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Switch Pitcher vs Switch Hitter Rule

By Aditya update Bhattarai / 26 July 2023 07:46 AM

Venditte made the coaches establish a rule for when switch pitchers face switch hitters.
Source : twitter

Switch Pitcher vs Switch Hitter Rule mentions the batter can choose their hitting side in the home plate. Both can switch their positions one time per at-bat.

The pitching staff has to notify the umpire-in-chief, hitters, and runners about the side they are throwing. They cannot change sides unless the pitcher injured their hand before the throw,

A Switch pitcher is also an ambidextrous pitcher that can throw with both right and left hands from the pitching mounds. They have a natural advantage over the opponents in a normal game. Similarly, batters that can play from both sides of the home plate are called switch hitters. 

The Umpires faced such a situation with Vendittes and Henriquez during the Staten Island Yankees and Brooklyn Cyclones game on 19 July 2008.

Later, it was announced that pitchers can't change sides without informing the connected members on the ground.

Switch Pitcher Vs Switch Hitter

Switch pitcher Pat Venditte rule states that pitchers must inform umpires, hitters, and runners while changing their side while pitching.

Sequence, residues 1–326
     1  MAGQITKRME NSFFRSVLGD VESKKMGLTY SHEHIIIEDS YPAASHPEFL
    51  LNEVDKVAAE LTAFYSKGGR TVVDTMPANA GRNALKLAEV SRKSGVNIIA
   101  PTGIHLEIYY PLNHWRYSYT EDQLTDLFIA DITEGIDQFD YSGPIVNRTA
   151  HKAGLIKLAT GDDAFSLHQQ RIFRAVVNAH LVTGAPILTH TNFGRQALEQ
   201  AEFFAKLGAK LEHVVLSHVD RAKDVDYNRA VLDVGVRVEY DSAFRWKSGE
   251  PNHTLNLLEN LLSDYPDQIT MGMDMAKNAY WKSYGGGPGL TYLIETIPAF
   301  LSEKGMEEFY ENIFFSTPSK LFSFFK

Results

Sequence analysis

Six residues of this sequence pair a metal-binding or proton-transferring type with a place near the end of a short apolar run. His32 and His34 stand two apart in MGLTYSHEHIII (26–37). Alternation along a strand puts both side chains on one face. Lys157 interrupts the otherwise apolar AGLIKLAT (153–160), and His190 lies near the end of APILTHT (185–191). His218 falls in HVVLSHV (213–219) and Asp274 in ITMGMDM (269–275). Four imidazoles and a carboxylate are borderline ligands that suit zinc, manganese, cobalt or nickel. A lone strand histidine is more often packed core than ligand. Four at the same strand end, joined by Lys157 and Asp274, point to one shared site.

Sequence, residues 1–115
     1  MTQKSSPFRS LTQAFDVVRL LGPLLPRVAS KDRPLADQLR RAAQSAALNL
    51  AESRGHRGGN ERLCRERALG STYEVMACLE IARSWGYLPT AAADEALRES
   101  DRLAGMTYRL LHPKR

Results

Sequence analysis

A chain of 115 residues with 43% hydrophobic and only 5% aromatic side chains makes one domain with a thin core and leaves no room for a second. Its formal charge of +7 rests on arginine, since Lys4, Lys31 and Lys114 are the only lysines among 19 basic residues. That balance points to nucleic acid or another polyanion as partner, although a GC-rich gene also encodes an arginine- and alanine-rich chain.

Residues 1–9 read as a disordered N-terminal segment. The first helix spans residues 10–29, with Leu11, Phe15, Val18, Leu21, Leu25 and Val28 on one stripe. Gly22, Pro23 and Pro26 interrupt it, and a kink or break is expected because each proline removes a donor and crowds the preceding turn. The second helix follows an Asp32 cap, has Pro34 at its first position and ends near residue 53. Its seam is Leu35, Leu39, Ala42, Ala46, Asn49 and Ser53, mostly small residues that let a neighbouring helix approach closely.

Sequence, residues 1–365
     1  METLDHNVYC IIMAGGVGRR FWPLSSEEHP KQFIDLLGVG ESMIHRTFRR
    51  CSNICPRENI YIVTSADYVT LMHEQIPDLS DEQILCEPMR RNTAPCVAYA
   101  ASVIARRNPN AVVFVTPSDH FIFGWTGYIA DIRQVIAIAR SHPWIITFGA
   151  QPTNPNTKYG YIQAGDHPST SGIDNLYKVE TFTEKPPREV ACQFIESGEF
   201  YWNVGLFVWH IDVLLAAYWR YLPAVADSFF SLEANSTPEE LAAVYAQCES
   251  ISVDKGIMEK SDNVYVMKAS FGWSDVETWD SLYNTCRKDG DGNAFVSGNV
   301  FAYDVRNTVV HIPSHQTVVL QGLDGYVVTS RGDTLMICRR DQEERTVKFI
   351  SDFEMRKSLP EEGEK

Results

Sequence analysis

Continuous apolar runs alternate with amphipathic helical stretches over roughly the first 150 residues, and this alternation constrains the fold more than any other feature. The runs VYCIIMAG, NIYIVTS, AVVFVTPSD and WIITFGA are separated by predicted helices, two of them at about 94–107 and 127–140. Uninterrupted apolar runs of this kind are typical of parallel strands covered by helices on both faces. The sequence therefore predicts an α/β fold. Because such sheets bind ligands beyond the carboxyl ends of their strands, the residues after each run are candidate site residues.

They can only change it once after a pitch is thrown in the game.

The Venditte rule provides an advantage to the switch hitters who can bat with both sides possibly restricting the pitchers to shift the other hand unless the batter is injured or retired.

Ambidextrous pitcher Venditte had the switch hitter rule named after him in some places.
Source : twitter

The rules by Professional Baseball Umpires Corporation (PBUC) regarding ambidextrous pitchers and hitters are mentioned below:

  • Visual Indication - Pitchers must visibly indicate to the umpire, batter, and runners about their pitching side before the pitch. 
  • Gloves Position - Stepping into the rubber with the glove in the opposite hand is a clear signal for batters to choose a side.
  • Required At-Bat Play - After stepping into the rubber, a pitch must be thrown or an At-bat should be completed before they can think about changing the sides again.